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- Posted on
- Daniel Greene
August 22, 2006, 2:44 pm
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I haven't been on this newsgroup in years. Hello again to village
elders Lars Eighner, Alan Flavelle, and Jukka Korpela! :-)
What brings me back? I was using the W3C QA to validate my XHTML the
other day, and I came across this "tip of the day" called "Use standard
redirects: don't break the back button!" It said, "If you want
http://www.example.org/foo to actually display what's at
http://www.example.org/bar you should NOT [emphasis mine] use "refresh"
techniques like :
<META HTTP-EQUIV=REFRESH CONTENT="1; URL=http://www.example.org/bar ">."
Well, I'll be damned! I never knew that! It says to "Use HTTP redirects
instead." Shucks! I'm just a lowly XHTML/CSS author who don't know
nothin' 'bout birthin' babies-- I mean writing .htaccess files with
mod_rewrite! I tried following the links and reading about "redirect"
and mod_rewrite, really I did, but it just didn't make sense to me.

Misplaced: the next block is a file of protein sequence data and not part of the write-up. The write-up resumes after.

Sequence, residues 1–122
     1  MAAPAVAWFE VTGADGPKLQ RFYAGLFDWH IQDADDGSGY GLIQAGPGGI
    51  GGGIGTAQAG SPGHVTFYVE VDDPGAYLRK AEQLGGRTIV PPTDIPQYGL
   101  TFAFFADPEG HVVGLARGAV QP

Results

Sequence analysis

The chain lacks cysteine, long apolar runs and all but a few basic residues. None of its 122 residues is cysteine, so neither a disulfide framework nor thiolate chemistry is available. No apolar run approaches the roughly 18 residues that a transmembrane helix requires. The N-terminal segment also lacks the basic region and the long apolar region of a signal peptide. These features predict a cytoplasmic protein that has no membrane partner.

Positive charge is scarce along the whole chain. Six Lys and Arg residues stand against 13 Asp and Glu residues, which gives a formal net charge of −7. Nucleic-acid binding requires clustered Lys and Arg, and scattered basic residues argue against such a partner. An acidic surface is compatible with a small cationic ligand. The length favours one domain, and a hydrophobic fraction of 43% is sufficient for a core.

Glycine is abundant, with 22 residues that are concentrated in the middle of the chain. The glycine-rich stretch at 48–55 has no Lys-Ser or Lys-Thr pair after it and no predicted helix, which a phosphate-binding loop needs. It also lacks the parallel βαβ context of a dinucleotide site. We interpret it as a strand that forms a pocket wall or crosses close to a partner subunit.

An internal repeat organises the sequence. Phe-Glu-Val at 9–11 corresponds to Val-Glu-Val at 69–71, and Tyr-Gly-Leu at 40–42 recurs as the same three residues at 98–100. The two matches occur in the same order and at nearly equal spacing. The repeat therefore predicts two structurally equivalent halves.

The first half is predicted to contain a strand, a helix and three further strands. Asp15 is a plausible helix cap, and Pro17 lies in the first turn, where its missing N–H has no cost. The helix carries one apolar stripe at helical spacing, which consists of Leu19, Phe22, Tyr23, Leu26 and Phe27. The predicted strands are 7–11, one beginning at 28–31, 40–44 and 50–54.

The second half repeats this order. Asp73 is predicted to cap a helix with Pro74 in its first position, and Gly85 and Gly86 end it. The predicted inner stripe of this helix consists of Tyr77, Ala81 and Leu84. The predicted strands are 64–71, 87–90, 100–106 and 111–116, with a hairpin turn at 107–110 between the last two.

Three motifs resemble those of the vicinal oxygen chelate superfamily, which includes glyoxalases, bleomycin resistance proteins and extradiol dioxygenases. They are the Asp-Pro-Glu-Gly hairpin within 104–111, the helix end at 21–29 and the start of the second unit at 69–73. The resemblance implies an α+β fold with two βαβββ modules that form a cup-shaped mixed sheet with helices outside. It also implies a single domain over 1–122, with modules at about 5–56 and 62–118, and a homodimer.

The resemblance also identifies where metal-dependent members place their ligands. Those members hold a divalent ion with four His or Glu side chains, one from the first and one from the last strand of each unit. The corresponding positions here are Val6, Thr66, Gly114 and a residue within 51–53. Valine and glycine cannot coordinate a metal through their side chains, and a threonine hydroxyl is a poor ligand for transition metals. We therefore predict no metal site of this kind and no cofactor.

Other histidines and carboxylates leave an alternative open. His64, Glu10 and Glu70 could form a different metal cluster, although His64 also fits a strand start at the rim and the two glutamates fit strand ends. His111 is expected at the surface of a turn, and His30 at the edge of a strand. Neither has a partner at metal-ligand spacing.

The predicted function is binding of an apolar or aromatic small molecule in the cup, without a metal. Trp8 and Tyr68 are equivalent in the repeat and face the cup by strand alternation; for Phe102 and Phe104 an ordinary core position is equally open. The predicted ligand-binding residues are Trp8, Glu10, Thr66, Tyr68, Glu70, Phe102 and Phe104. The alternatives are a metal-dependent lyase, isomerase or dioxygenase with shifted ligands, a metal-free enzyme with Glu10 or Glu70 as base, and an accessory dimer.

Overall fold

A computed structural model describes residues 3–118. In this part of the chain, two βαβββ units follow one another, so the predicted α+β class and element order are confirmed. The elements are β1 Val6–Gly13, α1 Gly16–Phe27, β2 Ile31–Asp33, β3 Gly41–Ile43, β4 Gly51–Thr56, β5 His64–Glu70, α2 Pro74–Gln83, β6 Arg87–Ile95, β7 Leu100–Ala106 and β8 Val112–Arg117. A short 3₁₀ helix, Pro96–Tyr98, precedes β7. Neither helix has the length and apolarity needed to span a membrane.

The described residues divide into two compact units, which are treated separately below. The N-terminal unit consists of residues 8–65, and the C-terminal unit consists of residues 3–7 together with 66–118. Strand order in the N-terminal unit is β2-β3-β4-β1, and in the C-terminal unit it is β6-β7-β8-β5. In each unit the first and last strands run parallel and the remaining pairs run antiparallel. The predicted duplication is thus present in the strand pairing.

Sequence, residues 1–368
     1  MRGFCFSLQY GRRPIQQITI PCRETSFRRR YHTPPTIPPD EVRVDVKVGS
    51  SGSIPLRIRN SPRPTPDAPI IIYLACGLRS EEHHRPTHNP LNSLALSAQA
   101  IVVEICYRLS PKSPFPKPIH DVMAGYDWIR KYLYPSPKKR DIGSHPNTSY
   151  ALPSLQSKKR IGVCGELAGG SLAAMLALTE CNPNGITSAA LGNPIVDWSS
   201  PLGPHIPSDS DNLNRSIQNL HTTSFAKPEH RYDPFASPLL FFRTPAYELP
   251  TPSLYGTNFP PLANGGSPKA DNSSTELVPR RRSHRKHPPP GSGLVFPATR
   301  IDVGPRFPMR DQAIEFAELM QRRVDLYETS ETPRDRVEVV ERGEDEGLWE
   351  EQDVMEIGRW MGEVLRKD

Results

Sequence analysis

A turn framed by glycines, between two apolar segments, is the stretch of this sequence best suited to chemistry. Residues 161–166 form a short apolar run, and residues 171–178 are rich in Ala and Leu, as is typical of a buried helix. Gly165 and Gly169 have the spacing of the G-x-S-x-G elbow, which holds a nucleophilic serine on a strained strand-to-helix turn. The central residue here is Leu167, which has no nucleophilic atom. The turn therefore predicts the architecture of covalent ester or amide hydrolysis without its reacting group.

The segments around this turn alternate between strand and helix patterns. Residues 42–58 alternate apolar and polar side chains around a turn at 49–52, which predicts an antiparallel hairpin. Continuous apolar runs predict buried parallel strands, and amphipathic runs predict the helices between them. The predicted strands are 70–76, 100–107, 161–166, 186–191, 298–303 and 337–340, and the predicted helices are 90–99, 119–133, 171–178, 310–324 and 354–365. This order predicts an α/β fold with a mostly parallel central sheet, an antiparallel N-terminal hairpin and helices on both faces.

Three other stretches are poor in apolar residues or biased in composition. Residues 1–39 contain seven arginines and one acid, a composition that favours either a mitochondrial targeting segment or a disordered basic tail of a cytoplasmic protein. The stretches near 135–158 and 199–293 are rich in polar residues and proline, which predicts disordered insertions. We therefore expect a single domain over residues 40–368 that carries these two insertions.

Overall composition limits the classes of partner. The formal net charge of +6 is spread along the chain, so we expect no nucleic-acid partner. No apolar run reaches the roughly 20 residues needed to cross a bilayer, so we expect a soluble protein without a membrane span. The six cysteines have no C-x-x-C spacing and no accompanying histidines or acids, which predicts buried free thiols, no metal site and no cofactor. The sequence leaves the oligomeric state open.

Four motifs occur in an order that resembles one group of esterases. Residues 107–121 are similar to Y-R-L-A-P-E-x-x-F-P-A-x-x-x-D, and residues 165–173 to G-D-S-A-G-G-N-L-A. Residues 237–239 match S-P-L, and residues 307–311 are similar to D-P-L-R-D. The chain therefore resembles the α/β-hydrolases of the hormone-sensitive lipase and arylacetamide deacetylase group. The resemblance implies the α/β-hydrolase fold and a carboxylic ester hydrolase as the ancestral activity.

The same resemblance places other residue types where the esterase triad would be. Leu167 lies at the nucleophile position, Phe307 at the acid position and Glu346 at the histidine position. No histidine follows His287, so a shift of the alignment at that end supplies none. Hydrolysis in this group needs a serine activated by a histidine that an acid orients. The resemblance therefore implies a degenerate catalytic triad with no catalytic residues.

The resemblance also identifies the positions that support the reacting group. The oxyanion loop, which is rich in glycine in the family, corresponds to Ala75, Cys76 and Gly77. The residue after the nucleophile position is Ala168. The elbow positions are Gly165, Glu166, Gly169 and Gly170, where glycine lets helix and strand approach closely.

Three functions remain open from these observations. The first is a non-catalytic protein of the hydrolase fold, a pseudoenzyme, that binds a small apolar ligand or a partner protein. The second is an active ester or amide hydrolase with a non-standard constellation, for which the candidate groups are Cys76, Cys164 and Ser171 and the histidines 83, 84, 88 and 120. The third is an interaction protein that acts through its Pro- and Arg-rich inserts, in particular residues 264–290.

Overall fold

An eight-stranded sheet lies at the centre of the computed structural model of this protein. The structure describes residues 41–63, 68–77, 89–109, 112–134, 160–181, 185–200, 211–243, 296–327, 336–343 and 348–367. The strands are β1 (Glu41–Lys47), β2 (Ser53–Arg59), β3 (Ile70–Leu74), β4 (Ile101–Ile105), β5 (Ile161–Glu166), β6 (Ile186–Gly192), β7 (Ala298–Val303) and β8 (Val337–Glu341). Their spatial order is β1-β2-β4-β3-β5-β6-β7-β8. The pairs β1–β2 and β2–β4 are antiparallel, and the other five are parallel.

Now, I've always depended on the kindness of strangers, so I am posing
my dillema here in the hope that someone can tell me what to do in
I would like to establish the following redirects "the right way":
Can anyone tell me what code to write, or point me in the right
direction? I have already spent two hours reading what is Greek to me
and I still don't know exactly what to do. FYI, my host, "pair
Networks," uses Apache servers.
Lowly author of one of the first documents on the Web ever to use CSS:
Re: Using "standard redirects" so as not to "break the back button"
The newsgroup alt.apache.configuration would be a good place to start.
You could also Google for this:
htaccess redirect example
Don't forget that redirects must respond with a fully-qualified URL, not
a relative one.
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